On Mon, Mar 7, 2016 at 11:09 AM, Tom Lane <t...@sss.pgh.pa.us> wrote:
> Robert Haas <robertmh...@gmail.com> writes:
>> The currently-committed code generates paths where nested loops and
>> hash joins get pushed beneath the Gather node, but does not generate
>> paths where merge joins have been pushed beneath the Gather node.  And
>> the reason I didn't try to generate those paths is because I believe
>> they will almost always suck.
> That's a perfectly reasonable engineering judgment (and especially so
> for a first release).  What I'd really like to see documented is how
> that conclusion is related, or not, to the rules about how path nodes
> should be decorated with parallel_safe, parallel_degree, etc annotations.
> The existing documentation is barely adequate to explain what those fields
> mean for primitive scan nodes; it's impossible for anyone but you to
> know what they are supposed to mean for joins and higher-level nodes.

It is unrelated, I think.

If a path is parallel_safe, that is supposed to mean that, in theory,
the plan generated from that path could be executed within a worker
without crashing the server, giving wrong answers, or otherwise
destroying the world.  However, as an optimization, if we've already
decided that the query can't ever be parallelized at all, for example
because it contains write operations, we don't bother trying to set
the parallel_safe flags correctly; they're just all false.  Generally,
a path is definitely not parallel_safe if it contains a path that is
not parallel_safe; if all of the paths under it are parallel_safe,
then it is also parallel_safe except when there's some unsafe
computation added at the new level -- like an unsafe join qual between
two safe relations.

If a path is parallel_aware, that means that the plan generated by
that path wants to do something different when run in parallel mode.
Presumably, the difference will be that the plan will establish some
shared state in the dynamic shared memory segment created to service
that parallel query.  For example, a sequential scan can be
parallel_aware, which will allow that sequential scan to be
simultaneously executed in multiple processes and return only a subset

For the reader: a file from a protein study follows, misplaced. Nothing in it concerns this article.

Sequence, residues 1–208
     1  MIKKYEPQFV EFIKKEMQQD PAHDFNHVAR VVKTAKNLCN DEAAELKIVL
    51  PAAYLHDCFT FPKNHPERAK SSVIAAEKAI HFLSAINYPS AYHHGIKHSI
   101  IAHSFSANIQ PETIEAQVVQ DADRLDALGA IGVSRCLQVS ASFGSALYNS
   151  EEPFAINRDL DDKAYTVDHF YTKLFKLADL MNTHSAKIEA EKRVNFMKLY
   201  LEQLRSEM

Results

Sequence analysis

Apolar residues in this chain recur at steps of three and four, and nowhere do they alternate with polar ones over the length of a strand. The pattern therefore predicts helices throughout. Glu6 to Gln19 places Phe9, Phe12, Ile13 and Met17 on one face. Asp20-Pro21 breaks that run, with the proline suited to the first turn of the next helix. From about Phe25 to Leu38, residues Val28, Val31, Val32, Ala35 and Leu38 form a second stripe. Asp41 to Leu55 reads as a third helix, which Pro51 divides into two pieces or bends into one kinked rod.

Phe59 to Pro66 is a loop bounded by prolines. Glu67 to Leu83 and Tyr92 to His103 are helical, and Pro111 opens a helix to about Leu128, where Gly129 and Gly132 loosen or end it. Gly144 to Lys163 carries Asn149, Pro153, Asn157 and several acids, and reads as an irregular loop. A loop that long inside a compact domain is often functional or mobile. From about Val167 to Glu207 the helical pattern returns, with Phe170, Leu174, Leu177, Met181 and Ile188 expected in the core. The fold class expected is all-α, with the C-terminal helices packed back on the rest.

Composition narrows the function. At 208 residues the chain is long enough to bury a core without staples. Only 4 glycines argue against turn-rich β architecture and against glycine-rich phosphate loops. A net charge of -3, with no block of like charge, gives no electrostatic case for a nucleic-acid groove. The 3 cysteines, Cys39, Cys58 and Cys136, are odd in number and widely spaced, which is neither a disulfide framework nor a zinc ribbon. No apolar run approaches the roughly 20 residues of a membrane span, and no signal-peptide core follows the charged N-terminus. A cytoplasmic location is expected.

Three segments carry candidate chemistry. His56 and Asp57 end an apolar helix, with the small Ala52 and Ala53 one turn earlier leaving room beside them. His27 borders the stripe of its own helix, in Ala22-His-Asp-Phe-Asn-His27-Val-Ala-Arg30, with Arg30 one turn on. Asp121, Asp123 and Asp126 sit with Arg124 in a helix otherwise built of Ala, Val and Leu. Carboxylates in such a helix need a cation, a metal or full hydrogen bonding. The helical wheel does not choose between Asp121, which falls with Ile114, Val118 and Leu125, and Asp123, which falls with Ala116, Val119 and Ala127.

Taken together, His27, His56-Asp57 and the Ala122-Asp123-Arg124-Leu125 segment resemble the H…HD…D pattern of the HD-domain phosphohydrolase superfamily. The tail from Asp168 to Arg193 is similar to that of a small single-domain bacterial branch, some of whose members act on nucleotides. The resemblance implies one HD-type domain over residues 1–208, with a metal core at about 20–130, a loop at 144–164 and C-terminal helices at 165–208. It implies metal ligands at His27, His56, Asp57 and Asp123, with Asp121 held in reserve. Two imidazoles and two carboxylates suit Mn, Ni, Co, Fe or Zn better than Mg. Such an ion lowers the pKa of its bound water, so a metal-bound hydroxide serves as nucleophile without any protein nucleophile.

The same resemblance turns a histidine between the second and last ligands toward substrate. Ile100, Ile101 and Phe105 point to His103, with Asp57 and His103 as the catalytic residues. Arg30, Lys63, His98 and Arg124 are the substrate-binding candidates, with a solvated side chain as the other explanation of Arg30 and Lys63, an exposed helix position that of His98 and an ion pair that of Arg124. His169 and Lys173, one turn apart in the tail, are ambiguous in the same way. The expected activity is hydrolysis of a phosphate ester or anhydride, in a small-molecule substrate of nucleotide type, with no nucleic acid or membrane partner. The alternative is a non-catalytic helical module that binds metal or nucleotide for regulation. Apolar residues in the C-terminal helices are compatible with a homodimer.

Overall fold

of the rows in each.  A non-parallel_aware sequential scan can still
be used in parallel mode; for example, consider this:

-> Hash Join
  -> Parallel Seq Scan
  -> Hash
    -> Seq Scan

The outer seq scan needs to return each row only once across all
workers, but the inner seq scan needs to return every row in every
worker.  Therefore, the outer seq scan is flagged parallel_aware and
displays in the EXPLAIN output as "Parallel Seq Scan", while the inner
one is not and does not.

parallel_degree is a horrible kludge whose function is to communicate
to the Gather node the number of workers for which it should budget.
Currently, every parallel plan's leftmost descendent will be a
Parallel Seq Scan, and that Parallel Seq Scan will estimate the degree
of parallelism that makes sense using a simplistic, bone-headed
algorithm based on the size of the table.  That then bubbles up the
plan tree to the Gather node, which adopts the Parallel Seq Scan's
suggestion.  I really hope this is going to go away eventually and be
replaced by something better.  Really, I think we should try to figure
out the amount of parallelizable work (CPU, and effective I/O
parallelism) that is going to be required per leftmost tuple and
compare that to the amount of non-parallelizable work (presumably, the
reset of the I/O cost) and use that to judge the optimal parallel
degree.  But I think that's going to take a lot of work to get right,
and it ties into some other issues, like the fact that we estimate a
scan of a 1MB table to have the same cost per page as a scan of a 10TB
table even though the former should probably be assumed to be fully
cached and the latter should probably be assumed not to be cached at
all.  I think a lot more thought is needed here than I've given it
thus far, and one of the things that I'm hoping is that people will
test parallel query and actually report the results so that we can
accumulate some data on which problems are most important to go fix
and, also, what the shape of those fixes might look like.

Robert Haas
EnterpriseDB: http://www.enterprisedb.com
The Enterprise PostgreSQL Company

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